2. SIM swapping: 
    Attackers can transfer a target’s phone number to a SIM card by convincing the service provider they are the account owner. Once they have control of a phone number, they use weak SMS authentication to take over the account. This is what happened to Apple engineer Rob Ross who lost nearly $1M when hackers took control of his number and accessed his cryptocurrency account.

Account takeover prevention

Hands down, the best way to prevent account takeovers is to eliminate passwords. No password means there’s no credential to brute force, phish, guess, stuff, intercept or bypass. By getting rid of passwords, we could avoid 80% of all attacks — the percentage of security breaches linked to credentials. 

Biometrics: the alternative to passwords

There are several ways to authenticate users without having to use passwords. Most of us are familiar with security keys that IT administrators use to access workstations and privileged accounts. The problem is hardware tokens are costly to provision, lack scalability and can be lost. They were designed for the workforce, not consumers.

We now have better ways to verify customers and employees with biometric authentication. Fingerprint and facial recognition are both highly secure because they confirm the user’s identity based on unique physical attributes. Millions of people already use this to unlock their devices, and they prefer its ease of use. You can solve the problem of weak security and poor experiences with one solution.

How FIDO2 prevents account takeovers

Biometric authentication that’s FIDO2-certified uses public key cryptography to prevent account takeovers. For starters, each device that’s registered to an account is assigned a unique set of cryptographic keys (a public key and a private key).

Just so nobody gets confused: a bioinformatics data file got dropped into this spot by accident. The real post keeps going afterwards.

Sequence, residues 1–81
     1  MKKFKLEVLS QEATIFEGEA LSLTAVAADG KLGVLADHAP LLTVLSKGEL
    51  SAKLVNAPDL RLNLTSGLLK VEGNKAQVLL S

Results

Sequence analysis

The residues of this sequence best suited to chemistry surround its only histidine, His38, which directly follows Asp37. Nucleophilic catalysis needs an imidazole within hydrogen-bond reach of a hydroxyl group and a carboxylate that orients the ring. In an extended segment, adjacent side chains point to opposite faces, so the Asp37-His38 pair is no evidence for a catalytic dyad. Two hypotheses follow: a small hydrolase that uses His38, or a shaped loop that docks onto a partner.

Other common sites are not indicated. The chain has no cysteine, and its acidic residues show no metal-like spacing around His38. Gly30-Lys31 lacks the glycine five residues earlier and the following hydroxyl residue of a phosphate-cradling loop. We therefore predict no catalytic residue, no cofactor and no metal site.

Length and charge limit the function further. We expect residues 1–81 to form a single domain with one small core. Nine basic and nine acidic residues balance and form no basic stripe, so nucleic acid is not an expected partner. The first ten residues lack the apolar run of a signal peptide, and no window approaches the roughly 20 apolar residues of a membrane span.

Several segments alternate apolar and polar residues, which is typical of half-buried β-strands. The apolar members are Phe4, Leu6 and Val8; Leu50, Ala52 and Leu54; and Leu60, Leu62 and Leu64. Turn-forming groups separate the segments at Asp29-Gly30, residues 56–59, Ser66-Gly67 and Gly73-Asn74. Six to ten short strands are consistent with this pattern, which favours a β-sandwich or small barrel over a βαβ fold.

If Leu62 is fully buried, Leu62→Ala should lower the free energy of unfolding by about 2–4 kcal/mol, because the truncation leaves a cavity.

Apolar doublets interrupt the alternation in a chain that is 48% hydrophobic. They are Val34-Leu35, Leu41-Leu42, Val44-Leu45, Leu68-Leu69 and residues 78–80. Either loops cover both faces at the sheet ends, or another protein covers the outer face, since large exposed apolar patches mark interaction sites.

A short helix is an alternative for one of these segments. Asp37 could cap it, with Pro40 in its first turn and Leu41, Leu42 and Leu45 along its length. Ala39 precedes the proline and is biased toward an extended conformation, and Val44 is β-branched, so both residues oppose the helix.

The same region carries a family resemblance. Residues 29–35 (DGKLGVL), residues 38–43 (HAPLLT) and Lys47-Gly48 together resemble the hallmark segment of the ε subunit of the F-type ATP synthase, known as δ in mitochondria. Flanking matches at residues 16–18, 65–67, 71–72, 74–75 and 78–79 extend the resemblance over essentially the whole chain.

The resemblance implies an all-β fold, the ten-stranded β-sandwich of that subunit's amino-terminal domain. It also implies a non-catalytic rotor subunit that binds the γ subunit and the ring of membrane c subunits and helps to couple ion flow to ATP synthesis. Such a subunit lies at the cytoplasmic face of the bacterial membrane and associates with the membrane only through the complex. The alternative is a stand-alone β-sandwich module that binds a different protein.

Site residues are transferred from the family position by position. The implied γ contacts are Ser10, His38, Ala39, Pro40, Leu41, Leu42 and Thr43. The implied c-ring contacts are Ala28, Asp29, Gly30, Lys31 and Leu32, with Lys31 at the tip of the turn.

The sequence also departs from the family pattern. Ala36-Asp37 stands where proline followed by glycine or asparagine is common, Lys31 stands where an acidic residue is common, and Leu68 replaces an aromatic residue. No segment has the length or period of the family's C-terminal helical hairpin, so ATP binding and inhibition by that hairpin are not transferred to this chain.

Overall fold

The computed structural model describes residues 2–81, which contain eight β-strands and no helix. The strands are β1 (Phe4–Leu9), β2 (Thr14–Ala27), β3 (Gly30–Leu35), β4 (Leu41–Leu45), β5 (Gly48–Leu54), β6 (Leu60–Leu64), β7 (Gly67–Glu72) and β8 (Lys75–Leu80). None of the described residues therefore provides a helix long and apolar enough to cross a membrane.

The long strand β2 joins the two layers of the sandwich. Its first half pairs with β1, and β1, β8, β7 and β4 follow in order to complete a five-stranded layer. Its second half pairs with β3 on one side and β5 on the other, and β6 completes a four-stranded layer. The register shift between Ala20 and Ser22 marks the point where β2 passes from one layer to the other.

“With FIDO, the biometrics and the private key never leave the end user’s device,” explains Transmit Security VP of Product Niv Goldenberg. “The biometric is used to locally authenticate the user on the device. The private key then signs the challenge and passes it back to the [authentication] server. The only thing that’s passed is the signed challenge.” 

This means the biometrics and the private key are never “in flight” and cannot be intercepted by threats like man-in-the-middle attacks. FIDO2 also ensures there’s no central database of biometric identifiers for hackers to target. Goldenberg says, “Even if someone breaks into the server, they cannot impersonate users because the private keys and biometrics are not there. They’re secured on devices.”

Going fully passwordless

Keep in mind, biometric authentication prevents the vast majority of account takeover threats by simply getting rid of passwords. This raises a key point. It’s vital to remove passwords completely since authentication is only as strong as your weakest link. Passwords cannot be used in your fallback process nor reside in your cache. 

This is one of many challenges solved by Transmit Security’s BindIDTM, a FIDO2-certified biometric authentication service. You can now secure, simplify and speed user sign-ins, while providing fluid omnichannel identity experiences. Only BindID makes it effortless to integrate passwordless authentication, so you can prevent account takeovers and cut related costs sooner than you’d think.